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Equity vs. Debt Funds
Let us compare equity and debt funds to understand their significance. We recommend investors have a balanced portfolio of equity and debt funds. Therefore, let us look at the equity vs. debt funds.
- Risk – Equity funds are susceptible to market fluctuations. Hence, they carry a higher risk than debt funds that invest in fixed-income securities.
- Taxation – Equity funds are subject to short (less than 12M) and long-term capital gains tax. The STCG is 15%, whereas the LTCG has an exception of Rs 1 lakh, Mid-cap, and the balance is taxed at 10%. Debt funds held up to 36M are taxed per the IT slab, whereas LTCG is 20%.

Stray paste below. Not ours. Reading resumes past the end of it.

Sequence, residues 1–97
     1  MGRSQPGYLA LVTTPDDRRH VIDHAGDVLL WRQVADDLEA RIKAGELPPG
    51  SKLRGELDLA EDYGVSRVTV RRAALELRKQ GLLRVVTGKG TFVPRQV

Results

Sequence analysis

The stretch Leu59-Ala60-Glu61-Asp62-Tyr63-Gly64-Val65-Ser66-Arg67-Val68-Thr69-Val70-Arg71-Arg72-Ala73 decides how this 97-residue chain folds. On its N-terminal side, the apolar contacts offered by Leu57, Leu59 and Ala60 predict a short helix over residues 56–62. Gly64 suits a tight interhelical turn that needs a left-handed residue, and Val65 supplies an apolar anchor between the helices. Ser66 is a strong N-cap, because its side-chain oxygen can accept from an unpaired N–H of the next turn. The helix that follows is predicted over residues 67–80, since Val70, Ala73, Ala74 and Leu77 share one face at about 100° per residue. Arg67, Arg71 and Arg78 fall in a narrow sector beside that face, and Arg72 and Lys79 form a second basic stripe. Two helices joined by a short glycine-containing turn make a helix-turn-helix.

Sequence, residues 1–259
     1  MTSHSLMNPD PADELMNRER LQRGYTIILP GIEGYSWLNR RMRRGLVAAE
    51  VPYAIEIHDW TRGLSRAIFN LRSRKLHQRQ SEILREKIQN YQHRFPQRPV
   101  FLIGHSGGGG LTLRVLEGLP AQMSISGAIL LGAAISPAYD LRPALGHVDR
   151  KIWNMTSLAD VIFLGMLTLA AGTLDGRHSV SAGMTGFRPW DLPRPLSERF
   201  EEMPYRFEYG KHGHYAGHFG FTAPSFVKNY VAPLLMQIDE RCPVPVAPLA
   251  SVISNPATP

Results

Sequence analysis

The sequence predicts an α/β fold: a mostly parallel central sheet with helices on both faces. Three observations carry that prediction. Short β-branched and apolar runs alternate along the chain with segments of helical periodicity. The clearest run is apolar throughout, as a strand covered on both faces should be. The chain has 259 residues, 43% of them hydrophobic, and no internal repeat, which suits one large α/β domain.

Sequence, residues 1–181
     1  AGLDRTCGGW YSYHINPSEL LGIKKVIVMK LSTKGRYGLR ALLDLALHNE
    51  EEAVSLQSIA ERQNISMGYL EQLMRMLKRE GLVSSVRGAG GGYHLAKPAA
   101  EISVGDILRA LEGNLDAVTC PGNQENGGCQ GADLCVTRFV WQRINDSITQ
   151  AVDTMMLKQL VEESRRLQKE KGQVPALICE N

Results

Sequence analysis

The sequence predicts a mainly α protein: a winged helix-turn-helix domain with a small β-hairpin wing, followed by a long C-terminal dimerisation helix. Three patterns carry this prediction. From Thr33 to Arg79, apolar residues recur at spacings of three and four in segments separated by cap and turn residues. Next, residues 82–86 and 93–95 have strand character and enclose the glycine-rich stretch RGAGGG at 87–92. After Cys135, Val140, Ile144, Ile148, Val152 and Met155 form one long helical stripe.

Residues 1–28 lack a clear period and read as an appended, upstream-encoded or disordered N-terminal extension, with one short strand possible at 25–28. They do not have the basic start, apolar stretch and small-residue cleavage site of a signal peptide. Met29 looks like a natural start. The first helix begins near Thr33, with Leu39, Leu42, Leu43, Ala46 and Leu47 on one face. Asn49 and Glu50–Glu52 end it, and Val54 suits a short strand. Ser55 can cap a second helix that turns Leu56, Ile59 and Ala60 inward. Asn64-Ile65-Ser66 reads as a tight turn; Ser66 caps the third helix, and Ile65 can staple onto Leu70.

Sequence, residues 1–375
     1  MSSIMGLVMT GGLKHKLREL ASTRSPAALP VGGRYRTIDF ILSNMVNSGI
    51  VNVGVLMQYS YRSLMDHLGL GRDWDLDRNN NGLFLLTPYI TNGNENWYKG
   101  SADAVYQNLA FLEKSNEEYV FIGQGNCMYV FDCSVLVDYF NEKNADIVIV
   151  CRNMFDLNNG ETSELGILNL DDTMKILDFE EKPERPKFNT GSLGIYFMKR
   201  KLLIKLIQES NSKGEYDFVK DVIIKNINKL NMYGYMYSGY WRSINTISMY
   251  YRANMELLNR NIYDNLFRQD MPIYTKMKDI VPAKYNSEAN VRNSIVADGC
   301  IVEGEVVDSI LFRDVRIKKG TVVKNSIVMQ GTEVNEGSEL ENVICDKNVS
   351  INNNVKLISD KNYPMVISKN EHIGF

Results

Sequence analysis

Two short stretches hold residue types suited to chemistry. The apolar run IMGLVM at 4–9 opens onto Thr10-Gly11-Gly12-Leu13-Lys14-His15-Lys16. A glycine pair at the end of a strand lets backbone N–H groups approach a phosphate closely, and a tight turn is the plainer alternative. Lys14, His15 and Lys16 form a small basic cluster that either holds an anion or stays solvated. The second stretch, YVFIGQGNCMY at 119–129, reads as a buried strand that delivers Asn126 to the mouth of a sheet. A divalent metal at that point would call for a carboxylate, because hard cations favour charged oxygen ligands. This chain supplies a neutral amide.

- Tax Saving Options – Equity funds allow for tax savings up to Rs 1.50 lakhs.
- Expense Ratio – Both equity and debt funds have fund managers. Hence, there is an expense ratio attached to both these funds.
Compared to equity funds, debt funds offer lower returns
Risks that Debt funds carry
Debt funds carry the following three types of risks.
- Interest Rate Risk – If the Government or the RBI changes the interest rates, the returns are affected.
- Credit Risk arises when the issuer does not repay the principal and interest amount.
- Liquidity Risk – If the fund house does not have adequate liquidity to run the fund, there can be a liquidity risk.
We have discussed the debt funds concept and compared equity vs. debt funds. Besides, we have discussed the different debt fund types available in India. We trust that this information should prove helpful.